Through Batata Jabeni Torres-Barstis’s mitochondrial DNA we can trace her mother’s ancestry back to where dogs and people first became friends. This map helps you visualize the routes that her ancestors took to your home. Their story is described below the map.

Haplogroup

A1a

Haplotype

A267

Map

A1a

Batata Jabeni Torres-Barstis’s Haplogroup

A1a is the most common maternal lineage among Western dogs. This lineage traveled from the site of dog domestication in Central Asia to Europe along with an early dog expansion perhaps 10,000 years ago. It hung around in European village dogs for many millennia. Then, about 300 years ago, some of the prized females in the line were chosen as the founding dogs for several dog breeds. That set in motion a huge expansion of this lineage. It's now the maternal lineage of the overwhelming majority of Mastiffs, Labrador Retrievers and Gordon Setters. About half of Boxers and less than half of Shar-Pei dogs descend from the A1a line. It is also common across the world among village dogs, a legacy of European colonialism.

A267

Batata Jabeni Torres-Barstis’s Haplotype

Part of the large A1a haplogroup, this rare haplotype occurs in dogs with European ancestry.

Some other Embark dogs with this haplotype:

Shar Pei dogs think A1a is the coolest!

This 'Paternal Haplotype' tab is for deep ancestral lineage going back thousands of years.

For recent ancestry—"What breeds did my dog inherit from her mom and dad?"—please refer to the Breed, Family Tree, or Summary tab.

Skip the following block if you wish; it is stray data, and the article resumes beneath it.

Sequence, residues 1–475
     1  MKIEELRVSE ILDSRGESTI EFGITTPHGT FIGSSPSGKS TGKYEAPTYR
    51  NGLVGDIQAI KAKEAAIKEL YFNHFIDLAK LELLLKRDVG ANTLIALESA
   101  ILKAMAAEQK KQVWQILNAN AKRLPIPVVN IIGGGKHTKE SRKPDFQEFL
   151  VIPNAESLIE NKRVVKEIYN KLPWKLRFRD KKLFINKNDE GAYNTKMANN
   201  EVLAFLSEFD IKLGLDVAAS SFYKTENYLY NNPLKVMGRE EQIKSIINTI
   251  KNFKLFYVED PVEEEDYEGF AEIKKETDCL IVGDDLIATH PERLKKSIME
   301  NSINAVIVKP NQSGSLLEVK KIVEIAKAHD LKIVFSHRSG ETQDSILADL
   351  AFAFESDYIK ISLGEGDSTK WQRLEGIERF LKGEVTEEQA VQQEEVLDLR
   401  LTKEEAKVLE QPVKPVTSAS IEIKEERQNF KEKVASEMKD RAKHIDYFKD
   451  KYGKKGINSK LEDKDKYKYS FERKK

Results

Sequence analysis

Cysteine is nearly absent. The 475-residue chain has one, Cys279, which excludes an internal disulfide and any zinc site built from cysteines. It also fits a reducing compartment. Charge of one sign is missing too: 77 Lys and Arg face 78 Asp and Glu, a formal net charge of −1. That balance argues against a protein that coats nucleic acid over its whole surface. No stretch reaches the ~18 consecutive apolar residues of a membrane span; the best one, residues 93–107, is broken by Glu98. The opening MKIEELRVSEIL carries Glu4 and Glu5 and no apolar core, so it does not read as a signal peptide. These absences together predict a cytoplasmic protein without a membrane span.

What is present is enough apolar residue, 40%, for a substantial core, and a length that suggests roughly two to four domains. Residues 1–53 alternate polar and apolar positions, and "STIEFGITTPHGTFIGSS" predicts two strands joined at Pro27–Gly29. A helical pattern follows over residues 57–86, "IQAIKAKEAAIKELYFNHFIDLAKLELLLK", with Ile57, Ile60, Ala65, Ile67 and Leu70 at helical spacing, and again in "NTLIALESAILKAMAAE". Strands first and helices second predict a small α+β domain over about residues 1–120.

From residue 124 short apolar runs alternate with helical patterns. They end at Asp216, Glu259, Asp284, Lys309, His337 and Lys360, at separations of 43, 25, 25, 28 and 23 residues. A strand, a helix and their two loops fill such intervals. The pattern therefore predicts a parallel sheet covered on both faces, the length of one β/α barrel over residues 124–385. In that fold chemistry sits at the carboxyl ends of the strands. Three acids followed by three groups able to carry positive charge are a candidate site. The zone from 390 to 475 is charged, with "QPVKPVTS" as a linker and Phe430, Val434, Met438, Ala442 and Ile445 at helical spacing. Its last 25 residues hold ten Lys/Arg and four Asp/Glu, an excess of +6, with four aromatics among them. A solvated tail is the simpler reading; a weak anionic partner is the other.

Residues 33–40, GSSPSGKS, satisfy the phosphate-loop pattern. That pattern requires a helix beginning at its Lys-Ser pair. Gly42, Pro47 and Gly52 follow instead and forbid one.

The Paternal Haplotype refers to a dog’s deep ancestral lineage stretching back thousands of years, before there were any distinct breeds of dog. We determine the Paternal Haplotype by looking at a dog’s Y-chromosome—but not all dogs have Y-chromosomes!

Why can’t we show Paternal Haplotype results for female dogs?

All dogs have two sex chromosomes. Female dogs have two X-chromosomes (XX) and male dogs have one X-chromosome and one Y-chromosome (XY). When having offspring, female (XX) dogs always pass an X-chromosome to their puppy. Male (XY) dogs can pass either an X or a Y-chromosome—if the puppy receives an X-chromosome from its father then it will be a female (XX) puppy and if it receives a Y-chromosome then it will be a male (XY) puppy. As you can see, Y-chromosomes are passed down from a male dog only to its male offspring.

Since Batata Jabeni Torres-Barstis is a female (XX) dog, she has no Y-chromosome for us to analyze and determine a paternal haplotype.